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What the Law Says About Retailers Who Say They’re Selling at ‘Wholesale’ Prices and More Questions for March

Unless it’s true, it might be a criminal offense in your state.

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How can I improve the open rates on my email marketing bulletins?

A few years ago, MailChimp.com did a survey of some 40 million promotional emails and found that those with the highest open rates (from 67 to an amazing 80 percent) were the ones that were — surprise, surprise — the least promotional. Typically, they had subject lines that told the recipient what was inside (they didn’t confuse e-bulletins with promotions or vice versa), they used the company’s name in the subject line, and had straightforward subject lines — they weren’t too “salesy” or pushy (this also helps you avoid spam trigger words). Most email providers will allow you to write subject lines of up to 60 characters but you should try to keep it short and to the point, between 30 and 40 characters and no more than five to eight words.

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Constant Contact, another service provider, recommends you state a clear benefit to opening the email. Email messages that have an “exclusive” offer in the subject line, such as “Private event” or “For select customers only,” can generate an additional 24 percent open rate, according to its studies. Of course, you don’t want to be too dry. Your content should be as friendly as possible. Open with the recipient’s name, use a tone that reflects your personality and end with your signature line. Most important, give them something they want. If they’ve opted in and you are responding to their interests, you too might be able to get super-high open rates.

One of the questions I always get, and hate, is “Do you have to charge sales tax?” How should I answer this?

Here’s a simple way to defuse this sneaky discount ploy. Look at the customer directly, smile, and say, “Actually, I don’t charge sales tax. I collect it.” They’ll get the point. And while everybody wants the best deal possible, they’ll probably trust you more for it. Because if you’d cheat on your taxes, why should a customer or patient trust you to take care of their vision?

My store seems like a reality TV show: unnecessary drama. Addressing it only seems to add fuel to the fire. Is there a way to bring it under control?

You’re not alone. After profitability concerns, this is the No. 1 headache of business owners, says business coach Lauren Owen. Drama and discord create stress and hurt productivity. There is no quick fix but there are a number of things you can do, starting with regular meetings. “Scheduled, well-run meetings are essential to clear communication and team building and addressing potential conflicts,” says Owen, adding that such meetings are conspicuously absent at stores with drama issues.

Other steps include confronting your drama queens, addressing your underperformers (there is often a hidden cost in the resentment they cause), performing a cost-benefit analysis on your high performance/maintenance employees (sometimes they just suck all the energy out of a store), and finally taking a good look at yourself. “Some people actually like drama, despite what they say,” Owen says. “If you were really honest with yourself you might understand that the drama is satisfying some need of yours. Attention? Power? Control? Do you avoid all conflict, even healthy conflict, at all costs?” And are you giving your staff a clear sense of purpose — that eyewear is about something much bigger than business?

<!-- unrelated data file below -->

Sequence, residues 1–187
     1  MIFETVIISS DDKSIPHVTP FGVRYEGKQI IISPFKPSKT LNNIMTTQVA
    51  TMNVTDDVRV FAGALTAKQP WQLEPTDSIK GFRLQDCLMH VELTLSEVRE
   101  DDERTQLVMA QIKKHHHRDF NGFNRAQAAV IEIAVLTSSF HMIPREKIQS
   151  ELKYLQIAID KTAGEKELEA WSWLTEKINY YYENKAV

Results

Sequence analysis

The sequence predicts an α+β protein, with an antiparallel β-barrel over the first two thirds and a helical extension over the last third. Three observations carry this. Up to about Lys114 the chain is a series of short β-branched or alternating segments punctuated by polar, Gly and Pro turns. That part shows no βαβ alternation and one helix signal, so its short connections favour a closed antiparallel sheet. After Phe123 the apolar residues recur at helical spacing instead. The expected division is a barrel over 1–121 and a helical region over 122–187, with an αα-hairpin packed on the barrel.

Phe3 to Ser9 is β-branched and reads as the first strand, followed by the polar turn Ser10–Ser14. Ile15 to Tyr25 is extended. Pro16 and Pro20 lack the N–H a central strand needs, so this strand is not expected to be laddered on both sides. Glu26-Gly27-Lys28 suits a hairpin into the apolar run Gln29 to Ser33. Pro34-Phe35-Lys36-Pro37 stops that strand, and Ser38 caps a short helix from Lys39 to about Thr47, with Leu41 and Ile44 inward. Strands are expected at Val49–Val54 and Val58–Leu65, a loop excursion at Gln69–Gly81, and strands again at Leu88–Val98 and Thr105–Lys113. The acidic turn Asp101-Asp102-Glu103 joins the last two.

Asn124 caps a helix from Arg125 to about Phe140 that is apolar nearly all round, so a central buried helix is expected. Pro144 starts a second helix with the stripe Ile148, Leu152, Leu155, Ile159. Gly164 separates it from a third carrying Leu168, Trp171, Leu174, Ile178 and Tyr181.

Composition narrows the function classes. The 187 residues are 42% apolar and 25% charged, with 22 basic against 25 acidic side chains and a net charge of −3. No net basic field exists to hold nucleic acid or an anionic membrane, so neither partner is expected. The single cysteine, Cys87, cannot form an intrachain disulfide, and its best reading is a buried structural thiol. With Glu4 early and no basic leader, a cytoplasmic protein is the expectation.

My practice has never grown the way I had hoped … or hired for. To keep going, I feel we need to downsize. How can I do it without destroying staff morale?

Layoffs are tough. You can’t have high productivity without good morale, and you can’t have good morale unless people have confidence that the company has a future and that the business is going to treat them fairly if things get worse. Employees need to know that you respect and value their contributions and don’t just view them as a resource.

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Sometimes, however, you have no choice but to order layoffs. In that case, remember three rules.

1. Do them all at once. Dragging things out will destroy morale.
2. It’s better to cut too much than to cut too little.
3. Make sure all remaining employees understand that what you’re doing is saving their jobs.

Since launching in 2014, INVISION has won 21 international journalism awards for its publication and website. Contact INVISION's editors at editor@invisionmag.com.

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Ask INVISION

How Much Community Work is Too Much Community Work and and More Questions for June

Also how to deal with (or with being) a helicopter manager.

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I appreciate giving back is a smart way to run a business, and it feels good personally, but community work can also be a distraction. Are there guidelines for ensuring we get the balance right?

In terms of the personal benefits, different studies done in the U.S. and Australia over the last two decades have concluded that about 100 hours of volunteering a year, or two hours a week, yields the optimum return in terms of happiness, satisfaction and self-esteem. The studies found there were no benefits — for the volunteer at least — of doing more than that. As for your business, coming up with a similarly strict “cut-off point” is prudent. The Internet software provider Salesforce.com, for example, uses what it calls its “one percent” formula: one percent of company profits, one percent of company equity, and one percent of employee hours all go to the communities it serves. The clarity of such a cap not only provides a guideline for this expenditure of energy, but makes it easier for you to deal with requests from your community for your time or money: “We wish we could help but for now we are concentrating all our community efforts through …XYZ.” When it comes to helping others, a soft heart and a hard head are often the best combination.